Revolutionary Ultrasonic Nanotechnology May Allow Scientists To See Inside Patient’s Individual Cells

ScienceDaily (June 3, 2009)
Revolutionary ultrasonic nanotechnology that could allow scientists to
see inside a patient’s individual cells to help diagnose serious
illnesses is being developed by researchers at The University of

The new technique would utilise ultrasound technology — more
commonly used to look at whole bodies such as fetal scanners — to
look inside cells. The components of the new technology would be many
thousand times smaller than current systems.

The technology would be tiny enough to allow scientists to see
inside and image individual cells in the human body, which would
further our understanding of the structure and function of cells and
could help to detect abnormalities to diagnose serious illnesses such
as some cancers.

Ultrasound refers to sound waves that are at a frequency too high to
be detected by the human ear, typically 20 kHz and above. Medical
ultrasound uses an electrical transducer the size of a matchbox to
produce sound waves at much higher frequencies, typically around
100-1000 times higher to probe bodies.

The Nottingham researchers are aiming to produce a miniaturised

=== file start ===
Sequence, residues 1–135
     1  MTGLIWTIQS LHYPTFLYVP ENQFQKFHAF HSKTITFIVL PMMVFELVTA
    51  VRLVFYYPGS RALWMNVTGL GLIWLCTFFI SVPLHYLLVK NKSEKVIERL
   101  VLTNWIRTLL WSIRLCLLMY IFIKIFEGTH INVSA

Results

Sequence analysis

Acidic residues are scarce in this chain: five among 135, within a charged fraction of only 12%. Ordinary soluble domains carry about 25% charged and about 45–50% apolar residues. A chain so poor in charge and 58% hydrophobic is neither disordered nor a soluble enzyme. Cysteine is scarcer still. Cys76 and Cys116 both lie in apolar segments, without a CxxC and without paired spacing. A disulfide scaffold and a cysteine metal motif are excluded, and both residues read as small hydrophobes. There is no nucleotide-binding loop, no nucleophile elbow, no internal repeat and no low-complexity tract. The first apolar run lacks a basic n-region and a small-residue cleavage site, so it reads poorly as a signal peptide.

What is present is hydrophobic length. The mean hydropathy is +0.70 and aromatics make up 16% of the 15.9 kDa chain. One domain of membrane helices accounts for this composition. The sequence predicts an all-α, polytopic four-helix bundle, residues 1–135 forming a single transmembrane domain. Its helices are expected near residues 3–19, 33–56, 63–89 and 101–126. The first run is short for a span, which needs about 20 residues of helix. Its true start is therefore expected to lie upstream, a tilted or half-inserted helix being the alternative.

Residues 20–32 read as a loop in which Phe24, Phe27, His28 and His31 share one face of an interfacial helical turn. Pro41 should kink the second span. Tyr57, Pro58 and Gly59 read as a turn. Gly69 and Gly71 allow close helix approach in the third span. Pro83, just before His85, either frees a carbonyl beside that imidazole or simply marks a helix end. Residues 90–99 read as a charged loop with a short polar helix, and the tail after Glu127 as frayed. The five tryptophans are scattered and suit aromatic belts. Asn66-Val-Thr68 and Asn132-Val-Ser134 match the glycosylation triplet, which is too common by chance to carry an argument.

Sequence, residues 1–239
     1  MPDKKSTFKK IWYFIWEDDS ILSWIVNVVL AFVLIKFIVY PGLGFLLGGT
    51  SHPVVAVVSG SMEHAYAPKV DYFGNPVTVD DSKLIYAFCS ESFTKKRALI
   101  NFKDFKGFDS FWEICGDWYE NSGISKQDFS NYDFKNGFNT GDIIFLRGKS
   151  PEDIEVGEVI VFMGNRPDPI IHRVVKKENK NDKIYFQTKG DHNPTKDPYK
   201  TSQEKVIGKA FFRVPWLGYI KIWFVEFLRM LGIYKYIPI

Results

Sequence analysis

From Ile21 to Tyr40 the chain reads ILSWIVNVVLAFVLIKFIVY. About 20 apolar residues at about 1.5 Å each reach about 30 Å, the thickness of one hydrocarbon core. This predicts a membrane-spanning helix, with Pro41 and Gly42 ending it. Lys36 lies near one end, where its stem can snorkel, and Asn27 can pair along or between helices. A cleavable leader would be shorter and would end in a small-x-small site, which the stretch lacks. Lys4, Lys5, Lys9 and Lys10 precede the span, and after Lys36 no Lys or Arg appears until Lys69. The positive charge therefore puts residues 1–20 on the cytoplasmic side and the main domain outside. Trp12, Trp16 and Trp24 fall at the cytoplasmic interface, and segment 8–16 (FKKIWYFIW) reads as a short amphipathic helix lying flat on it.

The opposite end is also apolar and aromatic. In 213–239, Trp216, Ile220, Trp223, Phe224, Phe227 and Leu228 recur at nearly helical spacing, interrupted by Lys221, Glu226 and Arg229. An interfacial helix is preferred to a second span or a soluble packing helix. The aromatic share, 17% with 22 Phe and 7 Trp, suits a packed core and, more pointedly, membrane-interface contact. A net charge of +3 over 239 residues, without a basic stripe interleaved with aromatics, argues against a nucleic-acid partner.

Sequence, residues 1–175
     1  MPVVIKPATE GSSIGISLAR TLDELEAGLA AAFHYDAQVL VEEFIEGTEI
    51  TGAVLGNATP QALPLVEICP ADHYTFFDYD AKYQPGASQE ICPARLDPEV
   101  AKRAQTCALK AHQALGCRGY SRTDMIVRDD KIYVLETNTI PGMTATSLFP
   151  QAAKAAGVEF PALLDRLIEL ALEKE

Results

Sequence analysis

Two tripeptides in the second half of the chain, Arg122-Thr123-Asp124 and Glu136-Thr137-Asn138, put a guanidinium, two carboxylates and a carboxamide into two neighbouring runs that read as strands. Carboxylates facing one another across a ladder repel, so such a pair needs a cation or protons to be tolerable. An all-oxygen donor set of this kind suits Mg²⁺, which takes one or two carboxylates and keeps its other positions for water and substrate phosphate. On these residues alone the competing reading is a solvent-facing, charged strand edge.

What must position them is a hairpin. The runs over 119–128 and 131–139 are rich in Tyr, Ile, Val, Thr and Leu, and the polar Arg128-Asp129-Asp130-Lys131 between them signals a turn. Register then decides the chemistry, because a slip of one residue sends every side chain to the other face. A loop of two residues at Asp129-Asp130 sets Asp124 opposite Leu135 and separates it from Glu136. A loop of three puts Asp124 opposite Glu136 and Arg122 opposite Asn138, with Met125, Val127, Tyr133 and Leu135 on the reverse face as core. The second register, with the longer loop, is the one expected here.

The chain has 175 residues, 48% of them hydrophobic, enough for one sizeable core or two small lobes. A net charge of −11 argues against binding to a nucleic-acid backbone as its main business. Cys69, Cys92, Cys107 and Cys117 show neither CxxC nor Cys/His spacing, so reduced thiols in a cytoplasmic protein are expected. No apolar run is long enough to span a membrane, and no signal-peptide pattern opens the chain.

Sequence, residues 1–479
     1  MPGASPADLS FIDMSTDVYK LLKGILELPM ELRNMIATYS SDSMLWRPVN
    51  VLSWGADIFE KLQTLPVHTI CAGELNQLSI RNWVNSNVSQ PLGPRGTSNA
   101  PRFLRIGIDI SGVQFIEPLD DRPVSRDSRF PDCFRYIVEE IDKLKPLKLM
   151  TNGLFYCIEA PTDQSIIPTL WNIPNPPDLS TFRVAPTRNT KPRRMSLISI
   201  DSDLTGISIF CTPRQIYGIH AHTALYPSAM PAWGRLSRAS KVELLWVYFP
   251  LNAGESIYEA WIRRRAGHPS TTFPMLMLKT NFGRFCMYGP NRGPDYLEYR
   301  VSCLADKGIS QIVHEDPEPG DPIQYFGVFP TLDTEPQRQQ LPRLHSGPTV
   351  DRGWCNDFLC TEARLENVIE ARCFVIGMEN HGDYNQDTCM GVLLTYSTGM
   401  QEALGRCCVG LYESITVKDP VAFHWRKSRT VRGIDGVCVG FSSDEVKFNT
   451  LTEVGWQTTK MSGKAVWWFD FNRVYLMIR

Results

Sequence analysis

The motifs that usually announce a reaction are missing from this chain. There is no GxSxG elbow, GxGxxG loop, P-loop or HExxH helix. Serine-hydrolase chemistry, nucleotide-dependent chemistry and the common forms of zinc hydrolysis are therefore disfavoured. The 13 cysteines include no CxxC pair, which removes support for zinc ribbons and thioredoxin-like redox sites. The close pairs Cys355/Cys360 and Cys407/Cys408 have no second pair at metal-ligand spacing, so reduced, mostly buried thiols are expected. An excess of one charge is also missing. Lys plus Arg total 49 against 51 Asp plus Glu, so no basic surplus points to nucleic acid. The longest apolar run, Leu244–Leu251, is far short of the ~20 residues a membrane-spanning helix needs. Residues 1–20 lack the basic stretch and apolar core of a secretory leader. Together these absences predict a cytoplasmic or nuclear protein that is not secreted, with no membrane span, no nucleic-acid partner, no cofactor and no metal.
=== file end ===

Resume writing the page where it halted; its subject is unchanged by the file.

version of this technology, with transducers so tiny that you could fit
500 across the width of one human hair which would produce sound waves
at frequencies a thousand times higher again, in the GHz range.

Dr Matt Clark of the Ultrasonics Group, said: “By examining
the mechanical properties inside a cell there is a huge amount that we
can learn about its structure and the way it functions. But it’s
very much a leap into the unknown as this has never been achieved

“One of the reasons for this is that it presents an enormous
technical challenge. To produce nano-ultrasonics you have to produce a
nano-transducers, which essentially means taking a device that is
currently the size of a matchbox and scaling it down to the nanoscale.
How do you attach a wire to something so small?

“Our answer to some of these challenges is to create a device
that works optically — using pulses of laser light to produce
ultrasound rather than an electrical current. This allows us to talk to
these tiny devices.”


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